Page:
Major polo project proposed near Catherine Store in Roaring Fork’s midvalley | AspenTimes.com

Major polo project proposed near Catherine Store in Roaring Fork’s midvalley

Crews clear the property owned by Aspen Polo Partners LLP on Thursday. The owners have applied to develop polo facilities and a residential development at the site 1/4-mile from Catherine Store.

The midvalley is on the cusp of becoming a polo mecca.

An investment group that includes the owners of the Aspen Valley Polo Club by Catherine Store recently bought another midvalley ranch and hopes to turn it into a major polo facility and residential development.

Aspen Polo Partners LLP purchased the former TCI Lane Ranch for $7.2 million in June. The partnership applied Oct. 10 to Garfield County to develop two polo fields and associated horse breeding and training facilities as well as up to 54 residential units on the 100-acre property.

The ranch is located about a quarter-mile east of Catherine Store on Old Highway 82, just west of the Waldorf School.

The plan "blends the unique facilities of a horse-breeding and training center with provisions for a compact and well-amenitized residential neighborhood, while maintaining the integrity of an important natural environment adjacent to the Roaring Fork River," the application says.

It's also less dense than what had been approved for the property in 2009. Former owner Ace Lane earned approval for 71 single-family houses and 18 duplex units.

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The Garfield County Planning and Zoning Commission is tentatively scheduled to begin review of the Aspen Valley Polo Club planned-unit development Dec. 13. The final decision will be made by the county commissioners.

If the plan is approved, it would establish the Catherine area as premier polo grounds. Marc and Melissa Ganzi bought the former Preshana property adjacent to Catherine Store and transformed it into a polo facility in 2014. The club hosted a 12-tournament schedule last summer.

The Ganzis teamed with four other parties to purchase the Aspen Polo Partners property, according to Gary Wright, an Aspen attorney who represents the partnership. He said there might be an opportunity to integrate management of the two properties even though they are independently owned.

The new property is being eyed for two regulation-sized polo fields — something that the property by Catherine Store cannot offer. The new polo fields would be about 13 acres each. The application at the property proposes the polo fields, five barns for up to 30 horses each, stables, paddocks and a 4,800-square-foot clubhouse on the northern end of the property — closest to Highway 82. In addition, 12 residences would be blended in with the horse facilities.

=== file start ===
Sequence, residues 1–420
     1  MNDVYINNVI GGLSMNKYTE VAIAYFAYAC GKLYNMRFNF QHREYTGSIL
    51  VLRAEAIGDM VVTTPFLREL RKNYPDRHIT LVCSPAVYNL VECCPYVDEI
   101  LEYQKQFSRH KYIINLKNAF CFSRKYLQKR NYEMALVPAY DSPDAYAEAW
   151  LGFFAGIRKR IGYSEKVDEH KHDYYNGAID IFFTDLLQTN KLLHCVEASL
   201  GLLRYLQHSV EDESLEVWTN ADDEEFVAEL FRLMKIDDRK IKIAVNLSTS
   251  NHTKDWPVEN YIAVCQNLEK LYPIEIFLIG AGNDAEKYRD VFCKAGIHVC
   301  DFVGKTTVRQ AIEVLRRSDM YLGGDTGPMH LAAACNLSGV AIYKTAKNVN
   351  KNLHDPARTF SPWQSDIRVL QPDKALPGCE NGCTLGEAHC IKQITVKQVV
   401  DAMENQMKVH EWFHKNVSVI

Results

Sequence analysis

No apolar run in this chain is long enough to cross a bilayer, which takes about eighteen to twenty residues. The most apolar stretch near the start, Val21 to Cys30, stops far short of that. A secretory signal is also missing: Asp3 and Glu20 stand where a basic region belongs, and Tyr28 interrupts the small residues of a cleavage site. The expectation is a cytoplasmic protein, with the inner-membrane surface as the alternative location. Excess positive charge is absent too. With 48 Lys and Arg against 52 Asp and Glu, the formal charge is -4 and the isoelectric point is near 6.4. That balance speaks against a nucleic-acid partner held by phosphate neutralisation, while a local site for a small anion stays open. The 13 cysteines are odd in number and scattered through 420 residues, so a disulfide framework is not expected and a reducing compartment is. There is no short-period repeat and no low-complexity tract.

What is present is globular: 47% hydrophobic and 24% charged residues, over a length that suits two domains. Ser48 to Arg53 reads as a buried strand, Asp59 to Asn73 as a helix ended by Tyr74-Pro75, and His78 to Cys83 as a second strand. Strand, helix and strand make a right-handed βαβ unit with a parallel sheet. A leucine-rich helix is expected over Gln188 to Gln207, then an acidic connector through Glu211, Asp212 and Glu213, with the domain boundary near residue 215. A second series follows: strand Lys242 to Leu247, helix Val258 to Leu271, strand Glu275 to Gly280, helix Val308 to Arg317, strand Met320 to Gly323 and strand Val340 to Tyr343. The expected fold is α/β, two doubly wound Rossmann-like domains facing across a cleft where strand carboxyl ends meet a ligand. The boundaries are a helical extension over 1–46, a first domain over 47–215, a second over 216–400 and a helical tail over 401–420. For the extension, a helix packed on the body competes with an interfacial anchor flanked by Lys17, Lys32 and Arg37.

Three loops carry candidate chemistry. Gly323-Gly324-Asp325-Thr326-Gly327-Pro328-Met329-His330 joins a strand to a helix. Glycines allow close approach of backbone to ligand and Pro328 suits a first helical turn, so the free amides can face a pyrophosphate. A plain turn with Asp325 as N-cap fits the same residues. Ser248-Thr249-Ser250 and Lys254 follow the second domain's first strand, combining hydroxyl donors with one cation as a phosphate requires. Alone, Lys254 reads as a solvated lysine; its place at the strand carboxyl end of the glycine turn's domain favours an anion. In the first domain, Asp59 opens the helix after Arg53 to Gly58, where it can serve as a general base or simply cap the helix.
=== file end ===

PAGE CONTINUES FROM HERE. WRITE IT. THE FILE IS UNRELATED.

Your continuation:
On the south side of the development, the partners proposed as many as 42 residences, a community center and continued use of an existing greenhouse. Wright said there wouldn't necessarily be 42 houses built on the south side of the property. Some owners might buy an additional lot or lots and choose to build a barn, he said, noting the property will likely be attractive to people interested in horses and polo.

The application said five affordable-housing units would be built to comply with the county land-use code. It said about 50 percent of the 100 acres would be open space. That includes a buffer between the Roaring Fork River and the nearest homes.

Lane, the former owner, received approval for 71 single-family homes and 18 duplexes in 2009. He received a series of extensions of the approvals starting in 2010, but was never able to start construction (see sidebar). The approvals expired in September.

scondon@aspentimes.com

LANE FALLS SHORT OF VISION

Midvalley landowners and developer Ace Lane once touted the TCI Lane Ranch as an environmentally conscious subdivision that would be a model for others to follow. It didn’t pan out.

Lane sold the 100-acre property for $7.2 million in June without building a single home.

He fully intends to accomplish with his latest project — the Tree Farm in El Jebel — what wasn’t possible at TCI Lane Ranch, according to Dave Marrs, a financial specialist on Lane’s development team. He said the inability to develop TCI Lane Ranch is no reflection on the Tree Farm’s prospects.

“They’re totally different products,” Marrs said.

TCI Lane Ranch featured 71 single-family homes and 18 duplex units. Marrs said the price point for the high-efficiency, green design homes was too high for the midvalley market. Lane built a 2,900-square-foot spec house in the neighboring Blue Creek subdivision that was a model for the houses envisioned at TCI Lane Ranch. It was listed for $1,595,000 in 2007.

Family issues eventually forced Lane to sell TCI Lane Ranch rather than continue to market it, according to Marrs. Lane owned the property with a brother, who wanted to sell for personal reasons.

Ace Lane owns the Tree Farm property with his sons. The 340 residential units approved there in June after fierce community debate are significantly smaller than what was contemplated at the ranch. They will be 1,100 square feet on average, Marrs said. They will be at a lower price point, geared toward millennials.

Lane envisions the Tree Farm as the model for green development — with efficient design and construction, alternative energy sources and the planting of thousands of trees.

Marrs said Lane fully intends to develop the project as he envisions it rather than sell the property.

“We want to see it through,” Marrs said. “This is his legacy project.”

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